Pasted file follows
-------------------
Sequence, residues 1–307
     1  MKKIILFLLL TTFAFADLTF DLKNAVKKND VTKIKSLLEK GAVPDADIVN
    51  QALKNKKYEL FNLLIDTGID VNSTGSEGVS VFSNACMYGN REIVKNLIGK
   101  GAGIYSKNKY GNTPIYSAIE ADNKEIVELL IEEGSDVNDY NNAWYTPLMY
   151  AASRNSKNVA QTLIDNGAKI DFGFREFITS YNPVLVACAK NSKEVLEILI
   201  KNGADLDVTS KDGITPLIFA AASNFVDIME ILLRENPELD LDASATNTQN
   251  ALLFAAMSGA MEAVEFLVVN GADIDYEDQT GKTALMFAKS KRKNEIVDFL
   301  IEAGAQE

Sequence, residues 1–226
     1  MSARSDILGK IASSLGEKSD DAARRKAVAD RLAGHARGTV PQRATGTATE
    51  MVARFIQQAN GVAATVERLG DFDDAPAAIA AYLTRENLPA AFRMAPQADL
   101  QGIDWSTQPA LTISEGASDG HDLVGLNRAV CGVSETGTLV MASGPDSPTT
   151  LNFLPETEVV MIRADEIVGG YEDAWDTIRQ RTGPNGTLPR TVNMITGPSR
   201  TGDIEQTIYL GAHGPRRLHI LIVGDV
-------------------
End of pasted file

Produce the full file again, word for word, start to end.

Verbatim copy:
Sequence, residues 1–307
     1  MKKIILFLLL TTFAFADLTF DLKNAVKKND VTKIKSLLEK GAVPDADIVN
    51  QALKNKKYEL FNLLIDTGID VNSTGSEGVS VFSNACMYGN REIVKNLIGK
   101  GAGIYSKNKY GNTPIYSAIE ADNKEIVELL IEEGSDVNDY NNAWYTPLMY
   151  AASRNSKNVA QTLIDNGAKI DFGFREFITS YNPVLVACAK NSKEVLEILI
   201  KNGADLDVTS KDGITPLIFA AASNFVDIME ILLRENPELD LDASATNTQN
   251  ALLFAAMSGA MEAVEFLVVN GADIDYEDQT GKTALMFAKS KRKNEIVDFL
   301  IEAGAQE

Sequence, residues 1–226
     1  MSARSDILGK IASSLGEKSD DAARRKAVAD RLAGHARGTV PQRATGTATE
    51  MVARFIQQAN GVAATVERLG DFDDAPAAIA AYLTRENLPA AFRMAPQADL
   101  QGIDWSTQPA LTISEGASDG HDLVGLNRAV CGVSETGTLV MASGPDSPTT
   151  LNFLPETEVV MIRADEIVGG YEDAWDTIRQ RTGPNGTLPR TVNMITGPSR
   201  TGDIEQTIYL GAHGPRRLHI LIVGDV